To perhaps clarify this point a bit, it is very important to `.catch()` and 
react appropriately at the ends of promise chains. If synchronous code fails 
for an unexpected reason, a visible crash will definitely happen. This is not 
the case for promises, because there’s no way for the runtime to know whether 
that promise is just some middle step in the chain, in which case you’d want to 
propagate rejection, rather than throw a synchronous exception. Having 
unexpected errors be silently swallowed is definitely a problematic property of 
promises, which you have to guard against.

It probably would be possible for the runtime to report crashes of promises 
that have no registered `.then()`. The only problem is, it’s totally possible 
the programmer is going to attach a `.then()` or `.catch()` later on to a 
promise that has already failed. Some promise libraries offer a `.done()` that 
has the semantics of “crash if this promise rejects”. But arguably, this should 
be the normal behavior, with an opt-out instead, so that it is assumed that you 
want rejected promises without any `.then()`s to throw synchronous exceptions. 
Something like a `.noFail()` could opt out

> On Oct 14, 2016, at 09:30, Bergi <> wrote:
> Jordan Rome schrieb:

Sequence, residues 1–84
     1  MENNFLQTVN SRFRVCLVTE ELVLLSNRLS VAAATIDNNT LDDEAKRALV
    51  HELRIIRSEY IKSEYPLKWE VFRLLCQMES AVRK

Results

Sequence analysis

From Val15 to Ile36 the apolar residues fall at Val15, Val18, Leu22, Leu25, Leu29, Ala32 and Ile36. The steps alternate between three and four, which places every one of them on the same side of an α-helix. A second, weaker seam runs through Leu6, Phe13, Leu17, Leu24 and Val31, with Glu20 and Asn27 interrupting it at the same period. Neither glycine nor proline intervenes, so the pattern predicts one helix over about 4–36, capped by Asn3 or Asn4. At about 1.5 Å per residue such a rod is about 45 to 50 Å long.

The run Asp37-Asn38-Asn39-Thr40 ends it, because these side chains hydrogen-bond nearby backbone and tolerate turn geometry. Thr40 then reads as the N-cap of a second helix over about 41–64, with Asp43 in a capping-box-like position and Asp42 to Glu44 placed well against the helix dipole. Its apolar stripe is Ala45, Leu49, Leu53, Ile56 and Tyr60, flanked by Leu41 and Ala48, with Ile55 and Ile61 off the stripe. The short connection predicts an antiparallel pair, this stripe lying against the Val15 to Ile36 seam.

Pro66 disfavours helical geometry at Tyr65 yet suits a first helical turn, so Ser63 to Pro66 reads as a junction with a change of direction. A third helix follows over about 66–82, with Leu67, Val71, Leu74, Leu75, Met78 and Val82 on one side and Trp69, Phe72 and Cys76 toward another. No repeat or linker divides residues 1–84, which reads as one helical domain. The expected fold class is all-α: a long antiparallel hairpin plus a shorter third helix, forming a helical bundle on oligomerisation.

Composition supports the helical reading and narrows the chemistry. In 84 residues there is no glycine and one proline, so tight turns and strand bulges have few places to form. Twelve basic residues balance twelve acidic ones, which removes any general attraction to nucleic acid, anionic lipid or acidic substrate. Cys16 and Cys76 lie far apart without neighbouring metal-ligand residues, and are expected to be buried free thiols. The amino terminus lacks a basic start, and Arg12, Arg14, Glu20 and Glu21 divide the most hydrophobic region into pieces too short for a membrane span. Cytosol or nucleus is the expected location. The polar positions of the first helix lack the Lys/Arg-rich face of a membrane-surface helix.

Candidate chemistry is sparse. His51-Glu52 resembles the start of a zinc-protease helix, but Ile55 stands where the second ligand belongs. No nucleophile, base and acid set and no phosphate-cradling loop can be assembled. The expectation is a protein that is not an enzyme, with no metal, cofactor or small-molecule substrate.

>> My apologies if this has already been discussed but what is the "preferred"
>> pattern for using await ? Since await, which runs on promises, will now
>> throw if the promise is rejected (preventing execution of code after the
>> await and killing the process in Node), is it neccesary to always be
>> wrapping await in try/catch?
> No. Just like in synchronous code, you only wrap a part of your code in 
> try-catch if you actually want to *handle* an exception.
> If you don't handle it, it will bubble as usual and reject the promise 
> returned by the `async function`. Let the caller deal with the exceptions you 
> can't handle - just like always.
> Of course, in the top-level invocation it might be a good idea to use a 
> `catch` (or the `.catch()` method) to catch any exceptions and log them to 
> whereever you want if you don't want to get an unhandled rejection, but those 
> are usually exceptions you *don't expect* so you might not need to deal with 
> them at all.
> - Bergi
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